If you’ve recently noticed people wading in local streams with long-handled nets, you might wonder if they’re fishing. They are, but not for fish!

From June 15-30, more than 100 citizen scientists trained by the nonprofit Raritan Headwaters Association (RHA) will drag their nets in streams throughout the upper Raritan River watershed. Instead of catching fish, they’ll scoop up “benthic macroinvertebrates” – small bottom-dwelling creatures such as insects, snails, and worms that serve as an indicator of stream health.

If a wide variety and high number of pollution-sensitive “macros” are found, it means the water is clean. But if the sampling shows little diversity or only pollution-tolerant species, it’s a sign that the water is contaminated and needs attention.

RHA Executive Director Cindy Ehrenclou (left) and Science Director Kristi MacDonald

RHA’s stream monitoring program turns 25 this year, and it just received a Nonprofit Innovation Award from the Sustainable Raritan River Initiative. The award was presented at Sustainable Raritan’s annual conference on June 8 at Rutgers University.

“We work hard to ensure clean, safe water for all, and we’re proud to have our stream monitoring program recognized,” said Cindy Ehrenclou, executive director of the Bedminster-based organization, who accepted the award with RHA’s science director, Dr. Kristi MacDonald.

“We are grateful to our dedicated team of volunteer citizen scientists,” added Dr. MacDonald. “Without them, it wouldn’t be possible to run such a robust program.”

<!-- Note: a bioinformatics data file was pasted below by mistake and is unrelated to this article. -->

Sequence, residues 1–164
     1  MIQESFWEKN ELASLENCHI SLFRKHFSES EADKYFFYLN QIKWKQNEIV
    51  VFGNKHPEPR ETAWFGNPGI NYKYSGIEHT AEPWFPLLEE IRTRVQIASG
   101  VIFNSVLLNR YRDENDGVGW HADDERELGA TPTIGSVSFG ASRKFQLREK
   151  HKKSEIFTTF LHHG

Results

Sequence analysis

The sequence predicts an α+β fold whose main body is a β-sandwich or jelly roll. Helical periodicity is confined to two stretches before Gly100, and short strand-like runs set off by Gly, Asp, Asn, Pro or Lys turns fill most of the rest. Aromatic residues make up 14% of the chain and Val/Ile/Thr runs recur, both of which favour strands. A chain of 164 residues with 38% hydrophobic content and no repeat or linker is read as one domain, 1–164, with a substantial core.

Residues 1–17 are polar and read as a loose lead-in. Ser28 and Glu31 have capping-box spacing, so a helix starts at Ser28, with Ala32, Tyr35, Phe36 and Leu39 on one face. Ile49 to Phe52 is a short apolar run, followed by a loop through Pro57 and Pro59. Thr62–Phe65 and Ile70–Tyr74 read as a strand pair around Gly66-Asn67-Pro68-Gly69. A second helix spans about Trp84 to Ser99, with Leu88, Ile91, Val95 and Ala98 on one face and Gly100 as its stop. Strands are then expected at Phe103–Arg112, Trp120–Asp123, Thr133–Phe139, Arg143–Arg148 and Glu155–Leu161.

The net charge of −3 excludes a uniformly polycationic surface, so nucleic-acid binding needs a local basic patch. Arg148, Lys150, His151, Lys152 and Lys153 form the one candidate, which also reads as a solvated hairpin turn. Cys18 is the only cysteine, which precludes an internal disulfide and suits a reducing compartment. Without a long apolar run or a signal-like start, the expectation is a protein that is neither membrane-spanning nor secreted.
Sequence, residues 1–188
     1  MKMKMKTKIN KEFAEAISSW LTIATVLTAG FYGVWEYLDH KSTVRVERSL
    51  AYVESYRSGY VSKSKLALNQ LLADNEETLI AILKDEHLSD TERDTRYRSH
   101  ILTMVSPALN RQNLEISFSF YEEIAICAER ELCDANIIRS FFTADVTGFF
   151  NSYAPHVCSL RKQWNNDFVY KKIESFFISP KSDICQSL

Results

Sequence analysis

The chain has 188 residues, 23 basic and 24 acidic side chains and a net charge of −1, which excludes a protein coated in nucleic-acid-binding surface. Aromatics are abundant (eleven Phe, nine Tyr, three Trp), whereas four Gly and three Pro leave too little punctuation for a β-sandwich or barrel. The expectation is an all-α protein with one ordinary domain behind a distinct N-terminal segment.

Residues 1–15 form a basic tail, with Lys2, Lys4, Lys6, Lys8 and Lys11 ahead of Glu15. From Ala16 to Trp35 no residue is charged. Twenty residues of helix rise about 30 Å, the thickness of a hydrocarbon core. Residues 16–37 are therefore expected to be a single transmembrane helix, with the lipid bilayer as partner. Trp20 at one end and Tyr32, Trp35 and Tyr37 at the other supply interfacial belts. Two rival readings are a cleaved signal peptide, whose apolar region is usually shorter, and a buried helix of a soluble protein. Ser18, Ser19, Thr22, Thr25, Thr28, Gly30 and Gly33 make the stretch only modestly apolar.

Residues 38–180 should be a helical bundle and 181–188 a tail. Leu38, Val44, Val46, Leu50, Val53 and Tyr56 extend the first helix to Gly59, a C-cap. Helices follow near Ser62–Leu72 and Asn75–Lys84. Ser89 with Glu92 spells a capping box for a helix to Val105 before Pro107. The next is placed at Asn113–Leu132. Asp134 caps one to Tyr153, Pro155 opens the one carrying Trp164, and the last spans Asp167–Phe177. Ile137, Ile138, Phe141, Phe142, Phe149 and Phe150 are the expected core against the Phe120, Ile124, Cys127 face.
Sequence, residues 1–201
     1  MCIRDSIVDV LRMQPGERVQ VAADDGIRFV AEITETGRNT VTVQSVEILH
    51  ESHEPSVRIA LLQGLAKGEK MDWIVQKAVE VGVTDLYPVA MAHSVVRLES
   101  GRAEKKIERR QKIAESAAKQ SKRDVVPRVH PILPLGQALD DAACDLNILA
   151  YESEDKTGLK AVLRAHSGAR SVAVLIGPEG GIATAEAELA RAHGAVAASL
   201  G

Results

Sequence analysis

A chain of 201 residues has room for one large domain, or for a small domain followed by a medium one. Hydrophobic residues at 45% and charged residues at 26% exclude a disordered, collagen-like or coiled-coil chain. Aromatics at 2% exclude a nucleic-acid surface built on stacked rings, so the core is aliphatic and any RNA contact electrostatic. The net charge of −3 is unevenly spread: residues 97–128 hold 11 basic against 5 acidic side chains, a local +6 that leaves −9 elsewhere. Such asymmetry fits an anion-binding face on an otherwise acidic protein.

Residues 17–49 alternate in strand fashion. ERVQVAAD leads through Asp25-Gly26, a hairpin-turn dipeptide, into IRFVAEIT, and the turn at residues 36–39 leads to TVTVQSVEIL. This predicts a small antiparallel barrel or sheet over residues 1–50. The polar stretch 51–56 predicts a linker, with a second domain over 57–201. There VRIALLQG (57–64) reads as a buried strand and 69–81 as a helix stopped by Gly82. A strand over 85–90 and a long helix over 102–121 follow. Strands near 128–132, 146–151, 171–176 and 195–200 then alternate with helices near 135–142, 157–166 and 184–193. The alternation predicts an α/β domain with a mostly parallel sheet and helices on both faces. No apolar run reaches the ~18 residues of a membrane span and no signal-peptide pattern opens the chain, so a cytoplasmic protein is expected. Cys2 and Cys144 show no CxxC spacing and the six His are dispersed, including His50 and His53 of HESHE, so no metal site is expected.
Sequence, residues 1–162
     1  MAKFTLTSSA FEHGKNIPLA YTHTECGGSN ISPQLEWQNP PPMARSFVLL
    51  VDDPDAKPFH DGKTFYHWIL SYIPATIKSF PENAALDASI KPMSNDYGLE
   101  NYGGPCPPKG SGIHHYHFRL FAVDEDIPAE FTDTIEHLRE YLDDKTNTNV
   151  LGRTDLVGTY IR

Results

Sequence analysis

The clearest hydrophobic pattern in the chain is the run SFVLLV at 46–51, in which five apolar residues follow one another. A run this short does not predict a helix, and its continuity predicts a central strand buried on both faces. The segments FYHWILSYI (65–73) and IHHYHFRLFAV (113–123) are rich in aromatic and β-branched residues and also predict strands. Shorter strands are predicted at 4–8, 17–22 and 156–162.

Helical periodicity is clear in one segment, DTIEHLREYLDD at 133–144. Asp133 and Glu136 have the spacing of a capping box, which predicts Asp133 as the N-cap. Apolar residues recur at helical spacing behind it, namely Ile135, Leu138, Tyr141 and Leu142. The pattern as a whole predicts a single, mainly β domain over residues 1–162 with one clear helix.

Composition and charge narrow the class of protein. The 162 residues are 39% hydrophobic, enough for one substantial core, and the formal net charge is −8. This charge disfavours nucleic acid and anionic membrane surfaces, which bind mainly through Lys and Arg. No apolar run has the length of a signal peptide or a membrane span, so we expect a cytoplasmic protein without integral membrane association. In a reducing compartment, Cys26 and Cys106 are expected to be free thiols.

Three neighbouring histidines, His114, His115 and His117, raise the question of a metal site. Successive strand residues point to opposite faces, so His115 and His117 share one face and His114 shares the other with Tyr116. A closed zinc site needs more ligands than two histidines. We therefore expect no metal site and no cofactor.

This year, 64 stream sites within the 470-square-mile watershed are being monitored by RHA. The watershed spans parts of Hunterdon, Somerset and Morris counties.

Collecting Information

At each monitoring site, volunteers and RHA staff conduct biological monitoring for benthic macroinvertebrates. Macro samples are collected and then sent off to a certified lab for analysis.  In addition, RHA’s team members visually assess the stream habitat and check the water temperature, pH, dissolved oxygen and conductivity using a special probe.

Water samples are collected at each site and taken back to RHA’s new Water Quality Lab at Fairview Farm in Bedminster where additional tests for nitrates and phosphates are conducted and samples are sent to a state-certified laboratory to test for bacteria.

Based on the macroinvertebrate data, the water quality at each site is classified as excellent, good, fair, or poor.

“When our monitoring indicates an impaired stream, we investigate local land uses and conduct further testing to figure out the cause, then work with landowners and local officials to address the problem,” said Dr. MacDonald.

There are several causes of poor stream quality but one of the most widespread is stormwater runoff into our waterways from developed areas and farms. This runoff often contains pollutants like motor oil, lawn fertilizers, salt, pet waste, bacteria and nitrates. In agricultural areas, the culprits may be fertilizers, pesticides or farm animal waste.